113. All Forms 35A used in the election of Kitutu Masaba for all 187 Polling Stations were signed by all respective Presiding Officers, their Deputies, Agents of Parties and/or candidates, who were present at the polling stations. Similarly Forms 35B were duly signed by the Returning Officer, his Deputy and all Candidates and Party Agents. That though not all form bore the same watermarks and other marks, as alluded to by PW1, since all statutory forms were duly signed, and met the requisite legal threshold, I find the same were valid as none of them was challenged by any of the candidates or candidates agents and/or party Agents. In view of the above, my finding is that any security features on Forms 35A or 35B were merely administrative as determined by IEBC and/or gratuitous and superfluous discretion and in absence of any legal provision or a legal force behind it capable of creating any mandatory statutory obligation, the allegation by Petitioner cannot in view of the above be a good ground for invalidating Forms 35A and 35B. I find the failure of all forms to have similar features though, such failure may cause uncertainties, however in a situation where the outcome of the results in the Forms are not challenged, as is the case in this Petition, I find that is not a good basis to render Form 35As invalid and void. I find the irregularities were not massive, systemic, systematic and did not compromise the intergrity and credibility of the entire Parliamentary Elections for Kitutu Masaba Constituency.
114. On the arithmetic anomaly, it emerged during the hearing that there were some posting errors at the Constituency Tallying Centre when posting results from Forms 35As to 35B was on going . This affected six (6) polling stations as follows:-
a)The results in Kenyerere DOK Primary School (NA000235) and Kenyerere PAG Primary School (NA001333) were interchanged. The outcome of these errors is nil.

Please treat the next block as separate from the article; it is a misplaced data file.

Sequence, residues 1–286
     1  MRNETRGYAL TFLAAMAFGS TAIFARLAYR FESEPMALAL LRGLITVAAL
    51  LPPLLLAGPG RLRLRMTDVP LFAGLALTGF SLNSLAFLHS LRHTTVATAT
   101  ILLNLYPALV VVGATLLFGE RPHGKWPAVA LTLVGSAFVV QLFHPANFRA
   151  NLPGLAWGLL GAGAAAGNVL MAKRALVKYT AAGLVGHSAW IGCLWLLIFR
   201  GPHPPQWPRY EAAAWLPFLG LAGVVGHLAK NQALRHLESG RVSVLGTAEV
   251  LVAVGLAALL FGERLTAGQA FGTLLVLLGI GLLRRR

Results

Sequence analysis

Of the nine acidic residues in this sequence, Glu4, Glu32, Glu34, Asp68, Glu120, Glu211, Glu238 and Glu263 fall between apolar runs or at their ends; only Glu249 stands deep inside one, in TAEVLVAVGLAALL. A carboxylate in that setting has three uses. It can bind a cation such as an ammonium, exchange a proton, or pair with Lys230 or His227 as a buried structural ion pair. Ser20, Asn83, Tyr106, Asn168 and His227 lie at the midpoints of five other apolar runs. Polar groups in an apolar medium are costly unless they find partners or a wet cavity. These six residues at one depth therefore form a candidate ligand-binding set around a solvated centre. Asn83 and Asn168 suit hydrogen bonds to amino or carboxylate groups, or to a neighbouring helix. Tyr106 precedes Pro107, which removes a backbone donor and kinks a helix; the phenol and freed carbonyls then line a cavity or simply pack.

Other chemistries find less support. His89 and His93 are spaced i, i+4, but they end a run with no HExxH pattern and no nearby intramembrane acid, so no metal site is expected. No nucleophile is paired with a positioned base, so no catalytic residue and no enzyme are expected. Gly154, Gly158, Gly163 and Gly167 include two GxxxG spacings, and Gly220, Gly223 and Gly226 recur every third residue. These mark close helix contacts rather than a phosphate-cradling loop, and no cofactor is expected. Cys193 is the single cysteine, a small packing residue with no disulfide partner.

b) Results in Form 35A from Girango DOK, Primary (NA000589) were mistakenly interchanged with the results form Girango Farmers Cooperative Society (NA000691). The outcome of these errors is zero.
c) The results in Form 35A for Girango Farmers Co-operative Society (NA000691) were mistakenly posted to Girango DOK Primary School (NA000583); The outcome of this mistake is zero.
d) The results in Form 35A for Girango DOK Primary School (NA000583), were mistakenly posted to Girango DOK Primary School (NA000589). The net effect of these errors is zero.
e) In Itongo Sengera (NA000409) polling station, while posting, the 2nd Respondent’s votes were reduced in Form 35B by 89, whereas another candidate’s were increased by 124 votes.
f) In Ritibo DEB Primary School (NA00891), the 2nd Respondent’s votes were increased by 13.
g) There were no posting errors in Kiendege DEB Primary School (NA000895) polling station. This is contrary to PW1’s testimony.”
115. On explanation given by RW1, he urged the posting errors stated above (a) – (d), the net effect was that no candidate gained or lost. That the errors were not deliberate but he attributed the same due to fatigue and exhaustion or due to human error. RW1 explained how the elections officials and staff worked consecutively for over 60 hours without break and sleep, resulting in minimal negligible human arithmetic errors and swapping/interchanging results in some polling stations due to similarity in names of some of the above polling stations under (a) – (d) above and due to confusion on closeness of the names.
116. RW1, further testified the errors under (a) – (d) above were very minimal, affected all the candidates and most significantly final outcome of the election was not affected. The net effect is that the 2nd Respondent lost 76 votes, whereas one Mr. Victor Ogeto Swanya gained the most of 153 votes. Mr. Momanyi T. Nyagaka and Mr. Moreko lost nothing, Nyaigoti lost 1, Mr. Kengere lost 2, Obwocha lost 8, Bosire lost 99 votes. All the above notwithstanding the margin between the winner and the closest candidate, taking into account the errors of 99 votes lost by Bosire, who had been declared runner-up, his new total comes to 19361 and adding 76, to the winner to the total declared as 34462 the difference margin between the two reduces to 14101 from 14124. The errors reveal that the gap between the winner, and the closest candidate remain wide. The errors are so negligible that they would not in anyway affect the outcome of the result for the winner of the seat of Member of National Assembly for Kitutu Masaba Constituency.